Churches engage in numerous important activities and ministries. Serving the community is important. Ministering to the homeless is important. Encouraging members to volunteer is important. Motivating church members to reach their neighbors for Christ is important. The list of important activities and teachings in a church are almost endless. Often, church leaders feel they must emphasize each of these important activities and ministries on the same level. 

Attempting to emphasize all things all the time can sometimes prevent a church from taking important steps toward the vision.

However, attempting to emphasize all things all the time can sometimes prevent a church from taking important steps toward the vision. While certain ministries and activities are not necessarily more or less important, there are seasons when pushing some ministries and activities more than others makes sense. As an example, if the church’s vision includes reaching families, emphasizing the children’s ministry more than the homeless ministry for a season may be wise. This summer, determine what needs emphasizing for the fall.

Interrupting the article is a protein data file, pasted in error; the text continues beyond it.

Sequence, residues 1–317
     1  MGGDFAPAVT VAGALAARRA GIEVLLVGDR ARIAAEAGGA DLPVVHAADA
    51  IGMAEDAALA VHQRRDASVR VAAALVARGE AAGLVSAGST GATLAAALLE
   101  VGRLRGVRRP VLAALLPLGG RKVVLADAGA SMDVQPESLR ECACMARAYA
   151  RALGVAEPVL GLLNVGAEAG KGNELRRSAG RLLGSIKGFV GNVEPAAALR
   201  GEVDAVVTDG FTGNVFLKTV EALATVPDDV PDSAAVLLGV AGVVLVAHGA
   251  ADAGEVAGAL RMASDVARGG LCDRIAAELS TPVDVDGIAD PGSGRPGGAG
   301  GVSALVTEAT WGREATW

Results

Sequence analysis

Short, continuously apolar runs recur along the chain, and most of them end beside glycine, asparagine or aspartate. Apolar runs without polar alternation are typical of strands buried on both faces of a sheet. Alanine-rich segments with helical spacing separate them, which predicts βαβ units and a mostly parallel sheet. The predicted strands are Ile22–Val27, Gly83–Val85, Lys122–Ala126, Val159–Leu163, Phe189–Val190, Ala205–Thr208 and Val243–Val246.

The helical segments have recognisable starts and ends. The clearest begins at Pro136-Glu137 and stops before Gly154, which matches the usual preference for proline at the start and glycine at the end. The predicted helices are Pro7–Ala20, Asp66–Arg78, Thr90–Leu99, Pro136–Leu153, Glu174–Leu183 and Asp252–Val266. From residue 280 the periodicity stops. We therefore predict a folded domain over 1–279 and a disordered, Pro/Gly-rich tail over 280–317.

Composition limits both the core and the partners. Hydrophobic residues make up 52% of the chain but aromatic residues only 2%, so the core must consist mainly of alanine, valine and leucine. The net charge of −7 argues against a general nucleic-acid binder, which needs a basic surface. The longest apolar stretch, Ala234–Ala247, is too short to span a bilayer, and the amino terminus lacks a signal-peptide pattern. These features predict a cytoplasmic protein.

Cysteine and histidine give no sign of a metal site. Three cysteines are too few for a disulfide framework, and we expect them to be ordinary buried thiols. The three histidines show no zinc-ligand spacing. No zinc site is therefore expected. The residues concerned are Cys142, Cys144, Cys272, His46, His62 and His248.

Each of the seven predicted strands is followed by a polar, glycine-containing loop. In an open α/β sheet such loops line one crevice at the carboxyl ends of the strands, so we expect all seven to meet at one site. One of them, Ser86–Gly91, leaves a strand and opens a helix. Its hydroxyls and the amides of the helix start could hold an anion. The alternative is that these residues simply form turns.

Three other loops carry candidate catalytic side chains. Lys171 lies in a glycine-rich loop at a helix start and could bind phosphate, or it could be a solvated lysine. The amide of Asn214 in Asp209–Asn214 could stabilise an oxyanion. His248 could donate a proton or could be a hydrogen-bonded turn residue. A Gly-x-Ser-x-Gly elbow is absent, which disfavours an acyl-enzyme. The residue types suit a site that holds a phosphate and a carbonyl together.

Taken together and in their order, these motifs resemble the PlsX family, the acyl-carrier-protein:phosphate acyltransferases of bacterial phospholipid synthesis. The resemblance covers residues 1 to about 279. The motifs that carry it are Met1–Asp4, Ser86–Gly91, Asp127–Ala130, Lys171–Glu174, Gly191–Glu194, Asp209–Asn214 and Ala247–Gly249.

3. Ensure church staff understands the fall emphases.

What happens when the director of the homeless ministry notices the children’s ministry receives more attention than the homeless ministry? The director could get frustrated. He or she could begin to feel other church leaders view the homeless ministry as insignificant. But what if the director understood the church’s vision and how emphasizing certain ministries for a season helps the church get closer to the vision? The lack of comparative attention becomes understandable and explainable to others.